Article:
Opinion

Opinion | Michelle Williams

The broader, hurtful impacts of discrimination

Civil rights leader Tamika Mallory, right, arrives with her god-mother Hazel Dukes, left, NAACP New York State Conference president, for a press conference, Tuesday Oct. 17, 2017, in New York. Mallory, who helped organize the Women's March on Washington, has accused an American Airlines pilot of racial discrimination in kicking her off a flight. (AP Photo/Bebeto Matthews)
AP Photo/Bebeto Matthews
Civil rights activist Tamika Mallory, who helped organize the Women’s March on Washington, has accused an American Airlines pilot of racial discrimination in kicking her off a flight.

Much of the news most recently about discrimination in America has been focused on singular violent acts by police against African-Americans. Aside from these highly visible violent incidents, however, there is another broader issue, often unseen, but very much felt by multiple ethnic and racial groups. That is, we frequently do not recognize the serious long-term effects of various forms of discrimination and hurtful incidents on the health and economic outcomes of millions of individuals and their communities. And, as a nation, it would be for our common good to change how we talk about these broader sets of issues.

My colleagues at the Harvard T.H. Chan School of Public Health, led by Robert Blendon, have conducted a far-reaching survey, in collaboration with NPR and the Robert Wood Johnson Foundation, asking people from multiple ethnic and racial groups, including whites, about their experiences with discrimination. This includes the policies of employers, governments, and civic institutions, and also individual behaviors leading to members of minority communities being insulted and facing offensive comments because of their backgrounds.

A striking 60 percent of African-Americans say they have been unfairly stopped or unfairly treated by the police because they were black. Forty-five percent say they or a family member were unfairly treated by the courts. In addition, 32 percent say they have personally been discriminated against at a doctor’s office or health clinic.

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Perhaps not surprising to those who face discrimination, the survey shows how pervasive it is. It cuts across more aspects of life than interaction with the police and courts. It affects the job you will be hired for, your likelihood of renting an apartment or buying a house, whether you will be able to vote in future elections, and whether you are less willing to see a doctor for needed care.

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You might expect that these situations would go away after a minority, such as an African-American or Latino, reaches a certain socioeconomic status, but the opposite is true. Those with more education and with higher incomes tell us they face more discrimination in their lives.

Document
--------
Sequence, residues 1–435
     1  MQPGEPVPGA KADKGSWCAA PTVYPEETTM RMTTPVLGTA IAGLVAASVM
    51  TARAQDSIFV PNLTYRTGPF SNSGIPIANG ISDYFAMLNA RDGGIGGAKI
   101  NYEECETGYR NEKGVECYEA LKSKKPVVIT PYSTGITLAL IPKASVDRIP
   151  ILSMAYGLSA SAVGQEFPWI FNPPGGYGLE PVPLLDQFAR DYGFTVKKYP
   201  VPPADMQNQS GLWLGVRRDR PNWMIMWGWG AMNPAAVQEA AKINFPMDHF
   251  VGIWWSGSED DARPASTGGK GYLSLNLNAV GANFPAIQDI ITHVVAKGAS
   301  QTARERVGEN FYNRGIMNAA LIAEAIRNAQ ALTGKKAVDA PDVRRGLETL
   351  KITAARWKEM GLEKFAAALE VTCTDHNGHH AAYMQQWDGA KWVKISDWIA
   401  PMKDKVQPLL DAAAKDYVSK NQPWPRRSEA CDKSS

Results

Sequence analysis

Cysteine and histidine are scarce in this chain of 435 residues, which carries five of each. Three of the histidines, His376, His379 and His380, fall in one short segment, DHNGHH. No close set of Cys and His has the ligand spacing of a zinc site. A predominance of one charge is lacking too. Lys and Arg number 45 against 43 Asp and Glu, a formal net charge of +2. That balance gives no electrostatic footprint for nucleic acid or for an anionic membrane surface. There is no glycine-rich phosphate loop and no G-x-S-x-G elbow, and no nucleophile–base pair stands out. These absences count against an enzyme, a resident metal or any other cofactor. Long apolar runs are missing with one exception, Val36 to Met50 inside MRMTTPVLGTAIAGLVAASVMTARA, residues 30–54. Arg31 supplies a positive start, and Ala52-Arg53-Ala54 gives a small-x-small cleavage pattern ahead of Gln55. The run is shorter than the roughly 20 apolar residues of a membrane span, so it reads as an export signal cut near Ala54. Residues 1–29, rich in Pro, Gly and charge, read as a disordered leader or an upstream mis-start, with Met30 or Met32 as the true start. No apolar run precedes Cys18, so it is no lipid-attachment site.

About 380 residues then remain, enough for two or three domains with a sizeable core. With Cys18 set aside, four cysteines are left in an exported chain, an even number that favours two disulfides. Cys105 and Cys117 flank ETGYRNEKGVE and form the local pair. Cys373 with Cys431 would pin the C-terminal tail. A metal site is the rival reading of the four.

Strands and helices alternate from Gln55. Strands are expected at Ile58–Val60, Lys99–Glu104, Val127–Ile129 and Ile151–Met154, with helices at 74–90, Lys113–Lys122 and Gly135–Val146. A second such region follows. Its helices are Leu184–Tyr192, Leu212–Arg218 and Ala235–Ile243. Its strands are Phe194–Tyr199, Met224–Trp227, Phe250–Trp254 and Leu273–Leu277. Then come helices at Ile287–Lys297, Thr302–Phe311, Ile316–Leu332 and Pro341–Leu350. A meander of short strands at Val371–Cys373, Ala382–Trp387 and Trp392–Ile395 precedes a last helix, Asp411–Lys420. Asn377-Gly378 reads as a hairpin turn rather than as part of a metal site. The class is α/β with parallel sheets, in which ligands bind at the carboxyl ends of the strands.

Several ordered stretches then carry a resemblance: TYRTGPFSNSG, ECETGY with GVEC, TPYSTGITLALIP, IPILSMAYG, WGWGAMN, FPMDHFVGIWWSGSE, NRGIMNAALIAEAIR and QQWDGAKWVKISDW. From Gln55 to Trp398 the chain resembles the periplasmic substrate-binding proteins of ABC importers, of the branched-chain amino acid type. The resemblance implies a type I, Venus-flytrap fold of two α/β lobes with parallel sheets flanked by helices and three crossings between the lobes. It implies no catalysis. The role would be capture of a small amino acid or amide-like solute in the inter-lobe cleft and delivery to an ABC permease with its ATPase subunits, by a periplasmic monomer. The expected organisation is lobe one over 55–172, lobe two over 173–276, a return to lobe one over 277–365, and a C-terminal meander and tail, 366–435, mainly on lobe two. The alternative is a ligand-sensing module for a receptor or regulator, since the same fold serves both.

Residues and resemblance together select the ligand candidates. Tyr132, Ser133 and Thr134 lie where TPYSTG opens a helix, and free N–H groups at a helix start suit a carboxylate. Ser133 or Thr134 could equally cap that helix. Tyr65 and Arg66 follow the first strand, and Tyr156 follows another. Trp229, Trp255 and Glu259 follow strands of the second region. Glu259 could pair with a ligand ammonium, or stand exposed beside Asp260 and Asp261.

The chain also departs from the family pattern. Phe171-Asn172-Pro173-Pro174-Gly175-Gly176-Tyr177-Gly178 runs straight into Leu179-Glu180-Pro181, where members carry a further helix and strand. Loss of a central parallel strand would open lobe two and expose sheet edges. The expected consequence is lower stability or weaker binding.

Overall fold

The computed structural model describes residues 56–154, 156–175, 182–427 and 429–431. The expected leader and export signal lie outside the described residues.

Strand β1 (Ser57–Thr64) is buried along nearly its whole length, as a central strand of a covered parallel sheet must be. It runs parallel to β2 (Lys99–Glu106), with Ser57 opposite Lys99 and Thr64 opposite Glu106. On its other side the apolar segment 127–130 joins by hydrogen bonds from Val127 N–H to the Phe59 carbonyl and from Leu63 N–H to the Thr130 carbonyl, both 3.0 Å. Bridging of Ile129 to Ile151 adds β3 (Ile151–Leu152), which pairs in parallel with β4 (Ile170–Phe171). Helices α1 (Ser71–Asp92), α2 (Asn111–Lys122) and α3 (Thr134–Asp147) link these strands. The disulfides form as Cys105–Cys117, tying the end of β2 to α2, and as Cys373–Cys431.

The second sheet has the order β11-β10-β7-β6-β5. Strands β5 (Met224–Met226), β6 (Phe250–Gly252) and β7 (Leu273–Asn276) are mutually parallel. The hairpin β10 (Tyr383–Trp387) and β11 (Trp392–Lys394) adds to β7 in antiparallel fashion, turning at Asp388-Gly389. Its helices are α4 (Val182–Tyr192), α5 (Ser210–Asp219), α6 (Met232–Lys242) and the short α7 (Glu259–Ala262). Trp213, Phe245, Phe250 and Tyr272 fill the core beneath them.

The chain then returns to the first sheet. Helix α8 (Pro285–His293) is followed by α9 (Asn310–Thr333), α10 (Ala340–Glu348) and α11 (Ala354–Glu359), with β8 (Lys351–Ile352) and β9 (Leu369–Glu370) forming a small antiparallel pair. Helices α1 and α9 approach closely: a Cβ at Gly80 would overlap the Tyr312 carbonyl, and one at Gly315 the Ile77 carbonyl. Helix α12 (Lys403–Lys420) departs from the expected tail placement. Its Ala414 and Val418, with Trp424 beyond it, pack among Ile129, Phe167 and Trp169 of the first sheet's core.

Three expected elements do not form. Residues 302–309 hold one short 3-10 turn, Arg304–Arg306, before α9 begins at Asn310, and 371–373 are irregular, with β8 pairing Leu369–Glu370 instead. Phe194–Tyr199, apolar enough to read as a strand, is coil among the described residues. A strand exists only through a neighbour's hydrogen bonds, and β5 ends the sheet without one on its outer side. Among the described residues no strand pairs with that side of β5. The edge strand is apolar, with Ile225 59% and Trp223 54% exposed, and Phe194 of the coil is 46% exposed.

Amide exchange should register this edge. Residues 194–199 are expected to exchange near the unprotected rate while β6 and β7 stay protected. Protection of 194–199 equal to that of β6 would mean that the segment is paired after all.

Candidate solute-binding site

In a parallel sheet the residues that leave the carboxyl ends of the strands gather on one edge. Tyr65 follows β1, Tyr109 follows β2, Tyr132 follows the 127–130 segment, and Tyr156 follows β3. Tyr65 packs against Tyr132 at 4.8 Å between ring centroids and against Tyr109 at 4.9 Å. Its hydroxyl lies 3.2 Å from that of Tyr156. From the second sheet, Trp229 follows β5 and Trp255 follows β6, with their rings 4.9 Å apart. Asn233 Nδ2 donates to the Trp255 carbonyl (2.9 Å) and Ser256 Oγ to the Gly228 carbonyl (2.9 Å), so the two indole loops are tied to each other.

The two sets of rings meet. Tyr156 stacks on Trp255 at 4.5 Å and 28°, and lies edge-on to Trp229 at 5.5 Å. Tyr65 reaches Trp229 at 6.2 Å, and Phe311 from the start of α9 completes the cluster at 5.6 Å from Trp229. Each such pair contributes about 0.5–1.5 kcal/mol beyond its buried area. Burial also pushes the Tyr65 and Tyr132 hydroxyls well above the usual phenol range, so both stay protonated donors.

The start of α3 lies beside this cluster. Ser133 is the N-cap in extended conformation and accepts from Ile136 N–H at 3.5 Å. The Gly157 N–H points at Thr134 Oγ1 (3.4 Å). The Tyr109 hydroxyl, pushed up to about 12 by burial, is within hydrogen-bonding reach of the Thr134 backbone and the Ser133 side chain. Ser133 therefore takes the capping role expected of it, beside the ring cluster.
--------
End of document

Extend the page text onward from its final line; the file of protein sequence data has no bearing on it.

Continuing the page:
David Williams of the Harvard Chan School has shown in multiyear studies that acts of discrimination lead to a type of stress that over the long term causes serious illnesses and even premature death. Other studies have suggested that these experiences negatively impact lifelong economic opportunities for these groups.

In addressing the health outcomes of individuals facing racial and ethnic discrimination, it is important to change the nature of the discussion we are having. We are led to believe, on one side, that this is an issue of political correctness, and on the other, that there is only a need to respond to individual instances of micro-aggression. But the long-term impact of these broad patterns of discrimination on health and economic outcomes must be our shared focus.

This comprehensive range of circumstances in the aggregate — the multiple incidents and institutional behavior — where people feel discrimination must be addressed.

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As dean of a school of public health, I think it is imperative for us to spotlight the profound health implications of this inequity as a way to reframe the national discourse. The discussion must focus more clearly on the impact that discrimination has on all segments of American society and on the future of the country.

That discussion must involve a continued re-examination by institutions and individuals of these unacceptable discriminatory behaviors and the importance of educating the public as a whole of their consequences. It should be better understood by all how discrimination affects the very future of our nation.

If we cannot broaden the discussion, we will find ourselves in a situation where millions of people face serious health consequences — being very ill and often dying prematurely — or lack opportunity, resulting in many minority groups being unable to function effectively in America’s changing economy. Our country will be poorer and less just because of it.

Dr. Michelle A. Williams is dean of the faculty and professor of epidemiology at the Harvard T.H. Chan School of Public Health.